The predictions of a one-sided final appeared to have an impact on the attendance. With inclement weather forecast and controversy raging in the press over the cost of admission to football games, it seemed that the anticipated lack of competition persuaded many fans to stay away. It was a lower than expected crowd of 10,000 that gathered for the match at Third Lanark’s ground Cathkin Park, on what turned out to be a mild February afternoon. But what the spectators lacked in numbers they made up for in enthusiasm. As the Scottish Referee recorded: “Enthusiasm prevailed, especially among the Ibrox contingent, who seemed imbued with exhilarating feelings of confidence in the ability of the Light Blues to win.” And if newspaper reports are to believed, those who stayed at home missed “a hard and at times brilliant” game.
With the clock approaching 3.30pm, Celtic appeared first from the pavilion, headed by their captain James Kelly. A minute later, the Light Blues’ skipper Mitchell led his team onto the field. Both sets of players were given a hearty welcome, according to the Glasgow Herald, although the Scottish Referee indicated that the reception for Rangers was rather more vociferous. It had been so long since Rangers had last won a cup competition, it was no surprise that their followers were excited at the prospect of picking up some silverware.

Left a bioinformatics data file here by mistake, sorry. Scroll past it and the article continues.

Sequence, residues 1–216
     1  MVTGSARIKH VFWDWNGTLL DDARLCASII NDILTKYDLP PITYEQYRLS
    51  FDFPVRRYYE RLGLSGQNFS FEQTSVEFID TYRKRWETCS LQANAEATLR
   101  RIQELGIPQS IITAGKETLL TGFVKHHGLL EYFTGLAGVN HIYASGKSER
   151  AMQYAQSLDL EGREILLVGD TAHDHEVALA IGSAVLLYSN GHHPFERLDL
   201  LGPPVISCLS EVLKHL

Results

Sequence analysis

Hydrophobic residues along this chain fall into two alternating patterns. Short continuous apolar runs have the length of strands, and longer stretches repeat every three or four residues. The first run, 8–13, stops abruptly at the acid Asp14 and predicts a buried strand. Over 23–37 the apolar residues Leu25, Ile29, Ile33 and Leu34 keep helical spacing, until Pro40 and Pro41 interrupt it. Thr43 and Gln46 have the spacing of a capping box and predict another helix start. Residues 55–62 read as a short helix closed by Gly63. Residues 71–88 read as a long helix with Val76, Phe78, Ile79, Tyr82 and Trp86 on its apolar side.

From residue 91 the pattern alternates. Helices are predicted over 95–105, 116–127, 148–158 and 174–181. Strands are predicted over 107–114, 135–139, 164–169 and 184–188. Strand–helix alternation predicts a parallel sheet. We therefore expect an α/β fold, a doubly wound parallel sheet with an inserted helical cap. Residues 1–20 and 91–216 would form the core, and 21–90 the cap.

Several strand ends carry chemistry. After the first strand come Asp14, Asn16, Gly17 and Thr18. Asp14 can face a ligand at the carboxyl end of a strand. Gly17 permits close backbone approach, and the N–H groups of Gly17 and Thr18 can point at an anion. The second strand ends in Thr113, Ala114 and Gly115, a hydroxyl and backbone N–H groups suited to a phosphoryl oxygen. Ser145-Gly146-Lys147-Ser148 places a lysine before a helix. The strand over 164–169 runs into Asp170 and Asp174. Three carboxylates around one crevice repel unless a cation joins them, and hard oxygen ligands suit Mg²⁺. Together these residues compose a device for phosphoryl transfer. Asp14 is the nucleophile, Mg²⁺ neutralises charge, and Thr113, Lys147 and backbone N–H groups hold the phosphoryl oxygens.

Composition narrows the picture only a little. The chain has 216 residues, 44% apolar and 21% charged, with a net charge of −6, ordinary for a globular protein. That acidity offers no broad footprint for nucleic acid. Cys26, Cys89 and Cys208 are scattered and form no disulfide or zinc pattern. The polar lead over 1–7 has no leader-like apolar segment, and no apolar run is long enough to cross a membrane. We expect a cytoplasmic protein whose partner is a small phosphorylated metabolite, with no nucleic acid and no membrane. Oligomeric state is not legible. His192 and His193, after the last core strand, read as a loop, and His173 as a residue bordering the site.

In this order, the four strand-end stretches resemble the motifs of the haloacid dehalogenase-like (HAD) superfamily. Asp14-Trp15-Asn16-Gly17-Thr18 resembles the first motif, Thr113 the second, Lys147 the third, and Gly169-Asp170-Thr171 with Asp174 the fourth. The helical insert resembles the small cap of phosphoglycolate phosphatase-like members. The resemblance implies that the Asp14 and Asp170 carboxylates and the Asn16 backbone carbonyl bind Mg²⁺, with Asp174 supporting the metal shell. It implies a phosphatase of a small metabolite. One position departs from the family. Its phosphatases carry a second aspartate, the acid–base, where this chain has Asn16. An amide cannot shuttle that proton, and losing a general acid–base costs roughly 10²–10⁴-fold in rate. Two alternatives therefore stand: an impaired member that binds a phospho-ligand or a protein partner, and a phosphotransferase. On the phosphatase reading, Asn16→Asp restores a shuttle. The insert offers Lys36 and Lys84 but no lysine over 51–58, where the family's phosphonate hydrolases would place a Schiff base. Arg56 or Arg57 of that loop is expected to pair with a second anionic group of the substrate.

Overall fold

The anticipated bad weather hadn’t materialised, so as Neilly Kerr kicked off the match for Rangers exactly on the half-hour, it was Celtic who had reason to be happier with the conditions. Although the pitch was a little softer than they would have liked, the Herald opined that the playing surface was probably the best of any club in the city. In theory the conditions should have been ideal for Celtic’s passing game, but Rangers’ half-backs refused to allow the opposition forwards any time or space to indulge themselves, paralysing the Celtic attacks with their dogged defence. Marshall in particular was singled out by Scottish Referee for his “strong, legitimate blocking and tackling”.
In attack, Rangers were “cool, clever and confident” and once they won the ball ensured that they wasted no time in getting it into the danger areas. The contrast in styles was stark. While Celtic apparently wanted to paint pretty pictures, Rangers adopted a far more pragmatic approach. Get the ball, move it forward quickly and test the goalkeeper. That’s not to say that they resorted to some sort of prototype Route One approach; the Herald reported how fans cheered their “capital passing” and were treated to the best play the Rangers had produced all season.